- Babylon Is FallingThe State of the Art of Sweetgrass Basketry
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Anyone who travels along Highway 17 North or visits Charleston's downtown market cannot fail to notice the unique local art sold on the side of the road in Mount Pleasant and on street corners in the city. Sweetgrass baskets have become the most prestigious and sought-after emblem of African American culture in South Carolina, and they constitute a tangible piece of history tourists admire and want to take home.
Basket makers have come a long way since their ancestors arrived on these shores. The plight of enslaved Africans, brought in captivity to the colony of Carolina, forced to labor on Lowcountry rice plantations and to make baskets to prepare the crop for market, is poignantly expressed in Bob Marley's rendering of Psalm 137, "By the Rivers of Babylon." Yet, as we move into the twenty-first century, another reggae song's lyrics may be more apropos: Babylon is falling. The colonial hierarchies and coercive practices that relegated African Americans to a fixed place at the bottom of the social ladder, to work as servants and manual laborers, have been challenged, and the once denigrated Gullah culture has begun to draw attention, and protection, from friends in high places.
"Gullah," and the more recent composite "Gullah/Geechee," are identities now widely embraced by people of African descent whose forebears came to the Low-country, beginning in the late seventeenth century, with the first waves of European colonists. In 2006, the South Atlantic coast from Wilmington, North Carolina, to Jacksonville, Florida (since extended to St. Augustine), was designated the Gullah/Geechee Cultural Heritage Corridor and placed under the authority of the National Park Service—the same year that sweetgrass basketry was declared the state craft of South Carolina and a stretch of roadway heading north from the Cooper River Bridge was named the Sweetgrass Basket Makers Highway. Like many state mandates, these tokens of recognition come late in the day and are largely unfunded, but slowly the Heritage Corridor is emerging as a series of historical sites dedicated to interpreting Lowcountry African American culture. Ironically, just as the highway department posted billboards naming the stretch of road with the majority of stands for the sweetgrass makers, it widened the highway to six lanes, separated the asphalt from the shoulder by a concrete curb and sidewalk, and increased the speed of traffic, making the stands much harder to access by travelers zooming past.1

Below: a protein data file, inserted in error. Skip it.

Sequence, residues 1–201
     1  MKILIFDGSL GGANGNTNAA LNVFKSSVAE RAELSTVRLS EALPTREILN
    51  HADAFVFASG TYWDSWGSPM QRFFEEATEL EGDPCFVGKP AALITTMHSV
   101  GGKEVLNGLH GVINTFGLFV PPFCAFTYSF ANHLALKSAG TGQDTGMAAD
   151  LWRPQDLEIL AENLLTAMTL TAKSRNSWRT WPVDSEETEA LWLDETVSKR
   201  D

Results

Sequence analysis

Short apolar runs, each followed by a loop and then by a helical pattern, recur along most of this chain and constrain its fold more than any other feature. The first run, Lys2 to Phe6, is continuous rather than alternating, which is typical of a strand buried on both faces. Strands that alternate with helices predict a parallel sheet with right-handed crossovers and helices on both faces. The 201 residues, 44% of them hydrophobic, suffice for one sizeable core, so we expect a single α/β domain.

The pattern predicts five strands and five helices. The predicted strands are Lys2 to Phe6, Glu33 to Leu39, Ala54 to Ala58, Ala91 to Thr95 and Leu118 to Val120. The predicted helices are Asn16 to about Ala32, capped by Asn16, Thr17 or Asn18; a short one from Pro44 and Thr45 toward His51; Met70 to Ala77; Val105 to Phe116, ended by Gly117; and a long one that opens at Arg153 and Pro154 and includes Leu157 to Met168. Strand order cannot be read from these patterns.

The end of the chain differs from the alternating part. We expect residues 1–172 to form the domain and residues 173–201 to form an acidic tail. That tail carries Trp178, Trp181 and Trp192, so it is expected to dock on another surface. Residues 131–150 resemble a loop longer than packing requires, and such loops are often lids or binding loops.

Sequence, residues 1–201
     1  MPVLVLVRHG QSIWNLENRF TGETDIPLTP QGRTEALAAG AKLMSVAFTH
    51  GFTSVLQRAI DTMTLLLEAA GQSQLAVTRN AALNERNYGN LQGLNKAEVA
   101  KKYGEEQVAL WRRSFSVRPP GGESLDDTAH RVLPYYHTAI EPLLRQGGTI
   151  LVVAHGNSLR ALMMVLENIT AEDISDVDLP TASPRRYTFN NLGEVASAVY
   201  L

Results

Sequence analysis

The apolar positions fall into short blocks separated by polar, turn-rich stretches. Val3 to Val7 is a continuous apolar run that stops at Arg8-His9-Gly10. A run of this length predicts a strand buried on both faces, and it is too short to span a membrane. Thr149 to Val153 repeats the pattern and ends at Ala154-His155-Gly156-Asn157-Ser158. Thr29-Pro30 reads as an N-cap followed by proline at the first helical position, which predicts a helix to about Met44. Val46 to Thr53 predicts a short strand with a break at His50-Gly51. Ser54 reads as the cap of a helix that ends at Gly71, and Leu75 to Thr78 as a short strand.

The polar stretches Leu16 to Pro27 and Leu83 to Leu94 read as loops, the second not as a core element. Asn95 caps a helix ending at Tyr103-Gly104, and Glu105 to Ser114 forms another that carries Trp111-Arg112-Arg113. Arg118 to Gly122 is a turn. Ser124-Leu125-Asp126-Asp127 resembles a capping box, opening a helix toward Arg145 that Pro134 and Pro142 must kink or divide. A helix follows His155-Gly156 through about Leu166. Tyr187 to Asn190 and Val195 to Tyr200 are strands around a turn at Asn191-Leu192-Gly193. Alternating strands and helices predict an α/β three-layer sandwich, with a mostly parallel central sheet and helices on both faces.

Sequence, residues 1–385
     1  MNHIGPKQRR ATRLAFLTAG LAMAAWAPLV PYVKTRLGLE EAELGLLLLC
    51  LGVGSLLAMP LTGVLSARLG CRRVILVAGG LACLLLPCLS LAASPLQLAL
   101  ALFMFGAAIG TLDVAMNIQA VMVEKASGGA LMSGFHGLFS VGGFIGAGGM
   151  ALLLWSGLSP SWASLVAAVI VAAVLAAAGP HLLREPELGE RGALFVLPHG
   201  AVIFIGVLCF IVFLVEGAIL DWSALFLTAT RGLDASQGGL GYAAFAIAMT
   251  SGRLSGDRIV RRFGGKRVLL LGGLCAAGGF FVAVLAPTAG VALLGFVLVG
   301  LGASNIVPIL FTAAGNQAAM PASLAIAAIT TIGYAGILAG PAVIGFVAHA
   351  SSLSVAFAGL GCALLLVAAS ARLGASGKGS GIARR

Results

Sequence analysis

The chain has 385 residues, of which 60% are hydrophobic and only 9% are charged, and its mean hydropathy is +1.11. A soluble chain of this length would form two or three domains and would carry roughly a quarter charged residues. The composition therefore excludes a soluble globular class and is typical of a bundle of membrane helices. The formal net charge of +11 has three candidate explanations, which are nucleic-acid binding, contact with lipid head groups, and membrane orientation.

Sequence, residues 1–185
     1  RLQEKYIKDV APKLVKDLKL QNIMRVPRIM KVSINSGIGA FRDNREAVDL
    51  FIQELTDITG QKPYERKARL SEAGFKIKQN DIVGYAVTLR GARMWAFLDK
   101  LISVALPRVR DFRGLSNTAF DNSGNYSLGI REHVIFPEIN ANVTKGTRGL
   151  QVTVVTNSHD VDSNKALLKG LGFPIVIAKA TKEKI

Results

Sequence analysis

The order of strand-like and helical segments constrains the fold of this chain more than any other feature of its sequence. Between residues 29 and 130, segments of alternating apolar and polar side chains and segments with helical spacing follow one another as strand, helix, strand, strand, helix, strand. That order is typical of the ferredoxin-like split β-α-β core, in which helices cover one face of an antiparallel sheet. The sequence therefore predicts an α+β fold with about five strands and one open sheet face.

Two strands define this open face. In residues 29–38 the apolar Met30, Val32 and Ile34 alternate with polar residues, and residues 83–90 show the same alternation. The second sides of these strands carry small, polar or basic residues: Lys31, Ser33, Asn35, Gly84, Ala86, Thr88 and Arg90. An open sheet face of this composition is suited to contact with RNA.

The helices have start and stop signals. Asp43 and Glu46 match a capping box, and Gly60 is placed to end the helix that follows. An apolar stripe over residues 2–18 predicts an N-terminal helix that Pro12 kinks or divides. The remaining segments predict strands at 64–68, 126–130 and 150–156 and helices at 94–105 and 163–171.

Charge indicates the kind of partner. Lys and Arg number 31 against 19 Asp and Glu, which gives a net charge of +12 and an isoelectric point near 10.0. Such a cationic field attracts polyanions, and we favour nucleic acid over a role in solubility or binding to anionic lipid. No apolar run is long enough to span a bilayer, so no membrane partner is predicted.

Stretching along the tidewater regions of four states, the Heritage Corridor coincides precisely with the range of the Lowcountry rice kingdom. There, for most of the eighteenth and nineteenth centuries, enslaved people of African descent using indigenous grasses, rush, and other plant materials sewed fanner baskets for processing rice, the export crop that made South Carolina the wealthiest colony and state in North America. A hundred years ago, when commercial rice production in the Lowcountry ceased and the bulrush work basket fell out of use, decorative [End Page 99] household forms made from sweetgrass became a viable source of income for cash-poor farm families near the village of Mount Pleasant. By 1930, basket sewers—coiled baskets are "sewn," rather than "woven"—found a way to reach a moving market. They began selling baskets on the side of Highway 17 (then Route 40), the main North-South artery carrying tourist traffic between Florida and the Northeast.
Today, Lowcountry baskets enjoy international recognition as a collectible form of art whose finest examples are prized by curators and connoisseurs. The inventiveness and skill level of the basket makers have never been higher. In 2008, Mary Foreman Jackson, the tradition's foremost practitioner, won a MacArthur Fellowship for her outstanding work, making her, in the words of another basket maker, "a half a millionaire." She has dined with Prince...